Blast Rites: Quantum of Solace resists blowing up Bond tradition.
Blast Rites: Quantum of Solace resists blowing up Bond tradition.

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Remember the opening sequence in Casino Royale? In grainy black and white, the world’s newest James Bond, Daniel Craig, destroys a Prague men’s room as he beats the life out of some baddie, getting a little knocked around himself. Bond drowns the guy in a sink; his first government kill, as he tells the man who’s about to become his second. But then back to the bathroom—the bastard’s not quite dead, and just as he pulls a gun on his assassin, 007 whips around, encircled by the franchise’s trademark gun barrel. The grungy guitar riff of Chris Cornell’s “You Know My Name” blasts while paint-thick blood drips down the screen.

It was thrilling and fresh, James Bond meets Reservoir Dogs. And the decades-old series that had started to become a parody of itself was reborn.

Quantum of Solace, the 22nd Bond film and follow-up to Craig’s 2006 debut, begins with…a car chase. Granted, multiple vehicles are involved, and it takes place on winding hilltop roads in Italy. There are a couple of “whoa” moments—one vehicle is flung sideways off the pavement as if by slingshot—but no spectacular ones. And then Jack White’s and Alicia Keys’ lackluster theme, “Another Way to Die,” plays, accompanying what feels like the longest opening-credits sequence ever.

Director Marc Forster’s introduction is an apt omen. Quantum of Solace actually breezes along at a quick clip, but when it ends, you’re left wondering if what you just saw contained any shred of a story. The script, credited to Paul Haggis, Neal Purvis, and Robert Wade, the same trio who wrote Casino Royale, picks up minutes after its predecessor ended. The agent’s love, Vesper, has just been murdered, and Bond (Craig) wants revenge, though he won’t admit it to his boss, M (Judi Dench, looking fabulous). Instead, James goes a little rogue, killing informants before they actually give up any information and occasionally offing the innocent as he investigates a super-double-secret organization called Quantum. (At least the awful title, taken from an Ian Fleming short story, makes a little sense.)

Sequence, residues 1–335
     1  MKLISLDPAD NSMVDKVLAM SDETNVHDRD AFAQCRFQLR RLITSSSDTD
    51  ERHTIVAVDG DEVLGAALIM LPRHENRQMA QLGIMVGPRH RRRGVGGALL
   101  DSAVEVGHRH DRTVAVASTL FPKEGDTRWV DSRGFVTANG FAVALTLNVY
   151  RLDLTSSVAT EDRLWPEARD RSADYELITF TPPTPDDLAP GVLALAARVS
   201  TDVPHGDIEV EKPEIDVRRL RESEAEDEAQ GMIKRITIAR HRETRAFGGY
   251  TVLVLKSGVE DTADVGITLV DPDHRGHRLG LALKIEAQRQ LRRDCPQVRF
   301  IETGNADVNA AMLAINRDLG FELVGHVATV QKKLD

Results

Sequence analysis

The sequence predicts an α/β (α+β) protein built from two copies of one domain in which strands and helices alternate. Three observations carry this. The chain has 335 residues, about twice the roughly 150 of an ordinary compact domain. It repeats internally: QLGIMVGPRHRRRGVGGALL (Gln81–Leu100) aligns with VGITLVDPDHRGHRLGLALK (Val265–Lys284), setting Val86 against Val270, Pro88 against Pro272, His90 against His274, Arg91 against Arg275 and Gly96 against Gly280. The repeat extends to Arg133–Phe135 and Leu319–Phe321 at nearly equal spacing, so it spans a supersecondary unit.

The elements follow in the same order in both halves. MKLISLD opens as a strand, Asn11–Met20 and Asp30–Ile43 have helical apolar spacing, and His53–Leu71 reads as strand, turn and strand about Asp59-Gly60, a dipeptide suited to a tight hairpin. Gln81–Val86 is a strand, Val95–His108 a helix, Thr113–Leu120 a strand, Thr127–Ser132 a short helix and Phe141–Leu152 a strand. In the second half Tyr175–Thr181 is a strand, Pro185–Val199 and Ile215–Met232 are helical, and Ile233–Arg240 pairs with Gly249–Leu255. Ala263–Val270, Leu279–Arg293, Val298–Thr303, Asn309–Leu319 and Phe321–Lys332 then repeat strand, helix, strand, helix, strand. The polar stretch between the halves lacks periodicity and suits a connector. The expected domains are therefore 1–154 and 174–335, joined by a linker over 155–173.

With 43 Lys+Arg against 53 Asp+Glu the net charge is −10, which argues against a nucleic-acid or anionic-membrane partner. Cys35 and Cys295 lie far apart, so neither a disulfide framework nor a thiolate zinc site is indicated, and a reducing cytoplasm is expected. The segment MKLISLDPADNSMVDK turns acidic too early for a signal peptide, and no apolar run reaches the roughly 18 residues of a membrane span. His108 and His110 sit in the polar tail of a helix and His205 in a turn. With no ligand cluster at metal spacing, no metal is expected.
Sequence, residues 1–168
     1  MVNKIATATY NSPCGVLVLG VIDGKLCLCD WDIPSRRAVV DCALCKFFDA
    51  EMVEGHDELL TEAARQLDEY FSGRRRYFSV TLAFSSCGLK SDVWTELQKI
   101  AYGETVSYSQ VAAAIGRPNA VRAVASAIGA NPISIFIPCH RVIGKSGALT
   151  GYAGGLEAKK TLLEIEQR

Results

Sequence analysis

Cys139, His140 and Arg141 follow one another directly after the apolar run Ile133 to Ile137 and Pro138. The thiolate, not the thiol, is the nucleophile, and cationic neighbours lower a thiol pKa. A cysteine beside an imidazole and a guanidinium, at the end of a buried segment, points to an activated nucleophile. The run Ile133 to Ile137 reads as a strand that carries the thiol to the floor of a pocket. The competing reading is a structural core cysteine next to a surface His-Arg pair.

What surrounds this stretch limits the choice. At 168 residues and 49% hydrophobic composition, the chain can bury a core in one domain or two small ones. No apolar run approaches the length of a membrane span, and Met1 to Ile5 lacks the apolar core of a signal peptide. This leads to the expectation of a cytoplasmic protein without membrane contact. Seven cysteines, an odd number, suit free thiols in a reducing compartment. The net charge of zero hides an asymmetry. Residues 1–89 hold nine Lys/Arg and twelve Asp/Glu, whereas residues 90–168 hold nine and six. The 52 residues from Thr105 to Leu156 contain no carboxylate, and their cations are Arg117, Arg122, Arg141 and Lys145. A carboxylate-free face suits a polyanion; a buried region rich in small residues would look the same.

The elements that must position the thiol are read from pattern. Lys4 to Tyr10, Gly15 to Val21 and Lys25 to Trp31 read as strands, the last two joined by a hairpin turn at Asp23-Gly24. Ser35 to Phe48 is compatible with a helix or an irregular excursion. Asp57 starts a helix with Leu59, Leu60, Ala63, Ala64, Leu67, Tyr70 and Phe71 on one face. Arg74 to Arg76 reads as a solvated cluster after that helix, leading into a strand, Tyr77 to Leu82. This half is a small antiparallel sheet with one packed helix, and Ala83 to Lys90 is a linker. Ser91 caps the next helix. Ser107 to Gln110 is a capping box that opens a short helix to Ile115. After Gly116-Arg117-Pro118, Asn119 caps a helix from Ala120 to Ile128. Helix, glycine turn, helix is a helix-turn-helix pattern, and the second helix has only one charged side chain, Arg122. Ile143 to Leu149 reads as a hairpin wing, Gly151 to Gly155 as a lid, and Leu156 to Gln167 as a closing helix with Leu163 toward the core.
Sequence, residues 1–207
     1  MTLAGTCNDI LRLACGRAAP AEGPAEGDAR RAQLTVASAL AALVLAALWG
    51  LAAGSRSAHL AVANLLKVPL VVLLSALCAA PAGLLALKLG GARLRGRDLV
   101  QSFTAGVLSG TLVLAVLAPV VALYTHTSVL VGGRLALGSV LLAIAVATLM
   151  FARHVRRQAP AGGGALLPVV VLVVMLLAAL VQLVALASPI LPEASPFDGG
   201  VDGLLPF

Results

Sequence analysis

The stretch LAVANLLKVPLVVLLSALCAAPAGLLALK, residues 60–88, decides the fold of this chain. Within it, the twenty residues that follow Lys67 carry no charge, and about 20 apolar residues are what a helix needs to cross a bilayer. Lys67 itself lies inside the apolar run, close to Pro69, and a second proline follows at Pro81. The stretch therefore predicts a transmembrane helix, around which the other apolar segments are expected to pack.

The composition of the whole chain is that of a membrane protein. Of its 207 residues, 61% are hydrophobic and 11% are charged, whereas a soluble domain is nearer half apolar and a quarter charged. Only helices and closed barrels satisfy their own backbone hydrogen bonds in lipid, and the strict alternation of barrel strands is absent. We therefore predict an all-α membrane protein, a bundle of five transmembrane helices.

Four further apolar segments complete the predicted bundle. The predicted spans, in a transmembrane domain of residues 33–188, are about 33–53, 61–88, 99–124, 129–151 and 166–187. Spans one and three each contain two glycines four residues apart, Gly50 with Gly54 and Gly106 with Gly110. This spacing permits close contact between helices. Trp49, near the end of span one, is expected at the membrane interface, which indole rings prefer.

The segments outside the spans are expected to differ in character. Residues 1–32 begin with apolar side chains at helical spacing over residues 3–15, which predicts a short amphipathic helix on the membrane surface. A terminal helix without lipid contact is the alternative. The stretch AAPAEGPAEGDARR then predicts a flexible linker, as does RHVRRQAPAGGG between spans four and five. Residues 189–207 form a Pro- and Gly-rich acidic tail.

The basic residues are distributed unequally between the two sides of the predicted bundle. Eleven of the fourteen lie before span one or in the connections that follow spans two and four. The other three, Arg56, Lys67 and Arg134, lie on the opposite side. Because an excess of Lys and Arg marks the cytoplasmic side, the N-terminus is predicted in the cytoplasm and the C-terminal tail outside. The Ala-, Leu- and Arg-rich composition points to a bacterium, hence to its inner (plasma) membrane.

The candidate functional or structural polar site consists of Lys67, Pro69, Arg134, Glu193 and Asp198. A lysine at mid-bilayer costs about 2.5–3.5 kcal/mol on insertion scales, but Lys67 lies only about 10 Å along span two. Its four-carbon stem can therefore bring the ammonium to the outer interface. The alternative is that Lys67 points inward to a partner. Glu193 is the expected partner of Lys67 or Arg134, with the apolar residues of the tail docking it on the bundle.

The MI6 didn’t even know Quantum existed, and M doesn’t put up with Bond’s overzealousness for long. “What’s today’s excuse?” she asks an assistant. “That Bond is legally blind?” M tries to suspend her agent, cutting off his credit cards and passport, but naturally that doesn’t stop him from chasing Quantum’s leader, Dominic Greene (The Diving Bell and the Butterfly’s Mathieu Amalric). Greene’s not-too-clear—or, more important, not-too-interesting—agenda is utility-related, specifically taking control of Bolivia’s water supply. Meanwhile, a woman once associated with Greene, Camille (Olga Kurylenko), becomes Bond’s sorta-girl, helping him get Greene as she pursues some vengeance of her own. Camille’s so obsessed with these goals, in fact, that she doesn’t even sleep with her handsome partner—which is about as radical a move that a Bond reboot could make.

Forster, director of such decidedly non-action films as The Kite Runner and Finding Neverland, is a bit out of his element here. Quantum’s big-bang scenes are adequately frantic and engrossing, taking place in dirty corners as well as exotic locales as Bond hops, Bourne-like, around the world. But none of it is particularly inventive, nor as cool as the character himself. Craig’s Bond has overcome the alleged handicaps of his blond hair and blue eyes—oh, those blue eyes!—and rescued 007 from slick caricature. He uses his fists instead of gadgets, he gets roughed up and out of breath, he’s capable of both impulsively violent outbursts and deadpan one-liners while appearing utterly unflappable and possibly incapable of letting himself smile.

The highlight of the script is, improbably, its humor, particularly Bond’s somewhat playful relationship with M even when she’s unleashing a furious dressing-down. Craig and Dench alone are enough to keep Quantum of Solace entertaining, superior to the goofy Pierce Brosnan flicks if not nearly as impressive as Casino Royale. After 46 years of building cliché, a film in which 007 doesn’t even know what he’s drinking is still a laudable achievement.